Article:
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Attitudes Toward Crime, Punishment and Rehabilitation: A Study of Prison Staff and Inmates in Plateau State, Nigeria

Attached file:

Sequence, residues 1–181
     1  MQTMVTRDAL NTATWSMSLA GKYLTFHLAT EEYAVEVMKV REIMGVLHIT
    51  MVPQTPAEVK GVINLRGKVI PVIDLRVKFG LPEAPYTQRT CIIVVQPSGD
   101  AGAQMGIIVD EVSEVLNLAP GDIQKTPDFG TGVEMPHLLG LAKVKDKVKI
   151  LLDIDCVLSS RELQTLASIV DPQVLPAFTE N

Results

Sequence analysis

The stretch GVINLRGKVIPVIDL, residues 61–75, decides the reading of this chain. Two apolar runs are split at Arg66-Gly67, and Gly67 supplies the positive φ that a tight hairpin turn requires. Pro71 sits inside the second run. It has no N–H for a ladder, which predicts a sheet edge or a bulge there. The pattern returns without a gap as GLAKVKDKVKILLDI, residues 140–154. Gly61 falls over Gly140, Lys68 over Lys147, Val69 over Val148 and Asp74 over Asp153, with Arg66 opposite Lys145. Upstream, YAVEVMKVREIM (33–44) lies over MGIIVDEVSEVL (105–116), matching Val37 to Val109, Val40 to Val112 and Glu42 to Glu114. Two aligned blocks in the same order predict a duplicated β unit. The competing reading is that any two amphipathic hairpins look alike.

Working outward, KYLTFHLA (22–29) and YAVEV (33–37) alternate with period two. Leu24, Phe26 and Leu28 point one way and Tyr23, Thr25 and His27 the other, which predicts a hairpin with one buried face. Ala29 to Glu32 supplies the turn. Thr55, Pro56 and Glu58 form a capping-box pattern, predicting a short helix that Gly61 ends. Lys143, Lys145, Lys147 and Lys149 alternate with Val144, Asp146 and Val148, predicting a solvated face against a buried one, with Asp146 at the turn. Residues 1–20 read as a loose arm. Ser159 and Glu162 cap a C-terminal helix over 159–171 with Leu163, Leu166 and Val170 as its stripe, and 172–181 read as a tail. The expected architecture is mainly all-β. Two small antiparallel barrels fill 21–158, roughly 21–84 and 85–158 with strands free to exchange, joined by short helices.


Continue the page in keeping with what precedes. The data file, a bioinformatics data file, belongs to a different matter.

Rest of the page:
The prison is one of the institutions responsible for societal response to violence through the incarceration of violent offenders. Paradoxically, it is also a setting in which interpersonal violence is frequently reported. This takes the form of inmate-on-inmate violence, staff-on-inmate violence, inmates-on-staff violence, and inmates rioting. Violence within the prison is influenced by several factors including the attitude of inmates and staff towards crime and punishment, the relationship between inmates and staff, and the quality of services within the prison. The study, conducted in five Nigerian prisons, examines attitudes of prison staff and inmates toward crime, punishment and rehabilitation. It further analyses the attitudes of prison staff and inmates toward each other and the adequacy of penal policies and treatment measures in reducing crime and violence in Nigeria.  Literature review demonstrates that attitudes toward crime and punishment are influenced mostly by sensational media images of violent crimes which heighten fear of victimization. This may not be a reflection of the attitudes of prison officers and inmates. Preliminary analysis from the study revealed differences in attitudes of staff and inmates toward crime, punishment and rehabilitation. While inmates emphasised socioeconomic deprivation as causes of crime and violence, staff emphasised a combination of personal gain and economic deprivation.  Findings however revealed similarities in attitudes of staff and inmates on the necessity of punishment for recidivists and violent offences like murder, armed robbery, kidnapping and rape. As an intervention strategy, both staff and inmates advocate rehabilitation through the provision of empowerment programmes like education, skills acquisition and employment opportunities.  These findings serve as a guide to policy formulation on how to reduce crime and violence in Nigeria and the wider society through the criminal justice system.